Tuesday, July 13, 2010

A month of barring and banning - Joshua Chiang

An insightful sum up of recent draconian acts of the PAP government in recent month by Mr. Joshua Chiang

First there was the barring of former ISD detainee and 'Marxist conspirator' Vincent Cheng from speaking at a public forum organised by the NUS History Society at the National Library.


Then there was the forum held at Fort Canning Park two weeks ago where another ex-detainee, Teo Soh Lung launched her book "Beyond The Blue Gate" about the events surrounding Operation Spectrum and her days as a detainee in Whitley Detention Centre. That, surprisingly went ahead without incident. Despite the fact that there wasn't any official outcry over the book, only one major bookstore, Kinokuniya now sells it. (Though you can purchase it from other sources here -

a) Contact Rizal via cellphone: 91460944 or email: isrizal@function8.org
b) Online purchase through Ethos Books Online
c) Select Books (Tanglin Shopping Centre)
d) At Pagesetters Services Pte Ltd, 65 Ubi Crescent, #06-04 Hola Centre, Singapore 408559

There are no other major bookstores in Singapore whom I know will carry titles critical of the Government, for eg. books by Chee Soon Juan. (But you will find Men In White, The Memoirs of Lee Kuan Yew displayed proudly at all other major bookstores)

But one book apparently got the authorities worried enough to ban its sales in Singapore, even going to the extent of asking Kinokuniya to remove it from its shelves. The book in question is Once a Jolly Hangman. It paints an extremely unflattering picture of the process in which Singapore carries out its Mandatory Death Penalty, except that, based on what the author unearthed, the process appears rather abituary. (see here - http://theonlinecitizen.com/2010/07/new-book-puts-death-penalty-on-trial/)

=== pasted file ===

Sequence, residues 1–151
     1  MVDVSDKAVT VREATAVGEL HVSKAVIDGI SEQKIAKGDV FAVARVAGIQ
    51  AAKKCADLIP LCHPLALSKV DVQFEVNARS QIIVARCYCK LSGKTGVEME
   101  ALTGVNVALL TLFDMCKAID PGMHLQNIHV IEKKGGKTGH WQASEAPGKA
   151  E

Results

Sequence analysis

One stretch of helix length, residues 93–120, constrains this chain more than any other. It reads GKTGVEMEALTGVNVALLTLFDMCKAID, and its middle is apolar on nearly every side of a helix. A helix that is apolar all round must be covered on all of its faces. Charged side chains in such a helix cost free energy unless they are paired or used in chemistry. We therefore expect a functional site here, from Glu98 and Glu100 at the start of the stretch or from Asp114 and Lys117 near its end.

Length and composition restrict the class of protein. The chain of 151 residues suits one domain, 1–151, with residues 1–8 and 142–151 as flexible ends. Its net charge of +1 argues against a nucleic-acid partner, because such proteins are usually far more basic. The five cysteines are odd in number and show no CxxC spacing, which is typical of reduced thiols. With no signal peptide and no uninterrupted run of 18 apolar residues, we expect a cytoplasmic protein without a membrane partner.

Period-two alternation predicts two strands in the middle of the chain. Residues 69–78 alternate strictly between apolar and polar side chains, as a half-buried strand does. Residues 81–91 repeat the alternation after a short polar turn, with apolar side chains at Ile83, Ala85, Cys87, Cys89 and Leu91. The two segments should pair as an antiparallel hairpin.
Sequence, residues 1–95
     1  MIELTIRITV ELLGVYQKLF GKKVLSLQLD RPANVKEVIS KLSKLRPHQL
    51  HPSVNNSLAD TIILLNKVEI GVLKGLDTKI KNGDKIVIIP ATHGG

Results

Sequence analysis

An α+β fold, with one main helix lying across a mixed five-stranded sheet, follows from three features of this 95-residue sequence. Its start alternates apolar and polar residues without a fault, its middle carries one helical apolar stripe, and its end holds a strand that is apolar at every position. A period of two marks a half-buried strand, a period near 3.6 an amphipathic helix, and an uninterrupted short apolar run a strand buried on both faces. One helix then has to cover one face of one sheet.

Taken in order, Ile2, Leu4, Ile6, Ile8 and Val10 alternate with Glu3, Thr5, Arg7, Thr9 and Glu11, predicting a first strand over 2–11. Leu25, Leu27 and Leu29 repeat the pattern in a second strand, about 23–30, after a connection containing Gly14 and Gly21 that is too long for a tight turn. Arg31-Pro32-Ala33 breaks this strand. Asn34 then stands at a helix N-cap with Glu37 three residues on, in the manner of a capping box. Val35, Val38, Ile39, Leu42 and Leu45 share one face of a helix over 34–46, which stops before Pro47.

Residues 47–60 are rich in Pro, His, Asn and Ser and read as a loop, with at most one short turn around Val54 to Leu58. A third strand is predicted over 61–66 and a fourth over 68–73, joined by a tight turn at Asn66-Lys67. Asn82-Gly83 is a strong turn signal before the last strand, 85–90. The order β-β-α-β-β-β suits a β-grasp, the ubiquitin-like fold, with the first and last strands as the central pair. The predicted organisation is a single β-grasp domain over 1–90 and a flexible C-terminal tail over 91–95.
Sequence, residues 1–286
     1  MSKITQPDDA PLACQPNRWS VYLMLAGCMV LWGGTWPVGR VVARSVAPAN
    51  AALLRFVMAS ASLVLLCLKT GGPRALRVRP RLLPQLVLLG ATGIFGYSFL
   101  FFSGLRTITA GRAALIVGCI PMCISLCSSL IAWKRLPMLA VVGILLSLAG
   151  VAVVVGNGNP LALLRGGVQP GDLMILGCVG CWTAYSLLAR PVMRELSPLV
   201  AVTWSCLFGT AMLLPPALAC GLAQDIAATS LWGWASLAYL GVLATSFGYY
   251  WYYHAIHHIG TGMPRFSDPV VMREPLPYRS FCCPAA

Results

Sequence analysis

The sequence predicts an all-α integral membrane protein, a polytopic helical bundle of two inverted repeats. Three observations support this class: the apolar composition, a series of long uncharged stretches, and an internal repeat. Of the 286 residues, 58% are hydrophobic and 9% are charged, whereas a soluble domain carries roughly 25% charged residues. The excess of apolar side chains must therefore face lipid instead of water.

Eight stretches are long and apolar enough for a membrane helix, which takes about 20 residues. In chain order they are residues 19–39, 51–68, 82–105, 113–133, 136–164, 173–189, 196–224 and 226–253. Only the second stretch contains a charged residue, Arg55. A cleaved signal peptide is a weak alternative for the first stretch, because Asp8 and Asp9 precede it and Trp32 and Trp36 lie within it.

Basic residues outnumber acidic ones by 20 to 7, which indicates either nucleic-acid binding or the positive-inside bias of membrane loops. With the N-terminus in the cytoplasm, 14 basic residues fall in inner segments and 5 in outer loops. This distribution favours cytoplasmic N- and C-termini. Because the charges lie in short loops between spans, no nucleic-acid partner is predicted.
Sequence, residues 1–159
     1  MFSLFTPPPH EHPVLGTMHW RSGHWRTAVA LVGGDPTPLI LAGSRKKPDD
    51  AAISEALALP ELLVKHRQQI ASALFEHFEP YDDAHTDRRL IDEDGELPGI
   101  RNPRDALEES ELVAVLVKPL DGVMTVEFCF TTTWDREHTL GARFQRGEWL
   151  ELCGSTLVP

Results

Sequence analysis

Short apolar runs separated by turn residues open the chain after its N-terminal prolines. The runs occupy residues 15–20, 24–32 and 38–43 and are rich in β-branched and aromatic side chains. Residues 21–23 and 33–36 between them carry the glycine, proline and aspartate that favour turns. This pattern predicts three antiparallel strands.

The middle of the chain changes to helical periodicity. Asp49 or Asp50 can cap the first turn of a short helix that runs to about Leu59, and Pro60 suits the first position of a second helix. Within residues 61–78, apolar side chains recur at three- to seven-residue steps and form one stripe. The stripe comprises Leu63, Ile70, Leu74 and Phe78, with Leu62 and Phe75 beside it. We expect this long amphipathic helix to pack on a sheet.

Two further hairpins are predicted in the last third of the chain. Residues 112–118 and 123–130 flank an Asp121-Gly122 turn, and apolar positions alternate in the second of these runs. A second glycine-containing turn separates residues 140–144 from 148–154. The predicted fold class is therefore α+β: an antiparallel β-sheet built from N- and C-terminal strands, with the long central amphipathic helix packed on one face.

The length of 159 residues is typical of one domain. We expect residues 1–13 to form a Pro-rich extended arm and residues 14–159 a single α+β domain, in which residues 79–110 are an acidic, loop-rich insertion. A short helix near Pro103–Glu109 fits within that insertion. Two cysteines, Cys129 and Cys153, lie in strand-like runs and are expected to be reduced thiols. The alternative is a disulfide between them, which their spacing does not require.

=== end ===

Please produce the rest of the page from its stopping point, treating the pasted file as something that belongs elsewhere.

You will also be surprised that the opposition party newsletter you pay a dollar for, for the past donkey years, is actually not allowed to be sold as the political parties do not have an NEA license to 'Hawk'.

(see here - http://theonlinecitizen.com/2010/07/opposition-party-fined-for-selling-party-newspaper/)

Now this is worrying because not only is selling the newspapers the major source of income for most oppositional parties, it is the best way in which they can disseminate their views. We know of course that dropping political pamphlets into letterboxes is wrong (http://theonlinecitizen.com/2010/04/that-anti-pap-flier/). Last I heard the chap who distributed the anti-PAP flier has been arrested. Getting around the lack of a hawking license to sell the party papers is not as easy as it seems because you will find all sorts of laws and legislation that are so loosely written that they can easily be used to stop you from selling anything.

Which leads us to the question of why did NEA act only now, considering that opposition parties had been selling their stuff on the streets for years. I've even bought a copy of The Hatchet Man from JBJ once.

Well I wouldn't presume to read the authorities' minds but you would be interested to know that most opposition parties nowadays regularly sold out their newsletters. Which means every time a party goes out to the housing estates and hawker centres, 3,000 copies of publications containing alternate views gets circulated around. It also means that there are many people sick and tired of reading the Straits Times.

And finally there is the ban on Martyn See's film on Dr Lim Hock Siew in the name of mantaining confidence in the government. (http://theonlinecitizen.com/2010/07/breaking-news-mda-bans-sees-film-on-isa-detainee/)

All in all, it is a rather oppressive month, and not because of the weather. I remember a National Day speech by PM Lee in 2006. He said, "We have to debate. If we didn't have a debate, I think we will come to the wrong conclusion." Right now my impression of 'debate' is really the joke I keep using - "Debate is de thing that you catch de fish with".


On a very separate note, my brother's maid returned to Burma for good. (Sorry i can't bring myself to call it "Myanmar" - it is the name the regime, and those who recognize the regime uses) Just the day before she left, I asked if she could get me an autographed poster of Aung San Suu Kyi. It amused her to no end.

1 comment:

Anonymous said...

Draconian it maybe, however, it cannot be ruled out that the worse is yet to come and 'worser' ones will follow.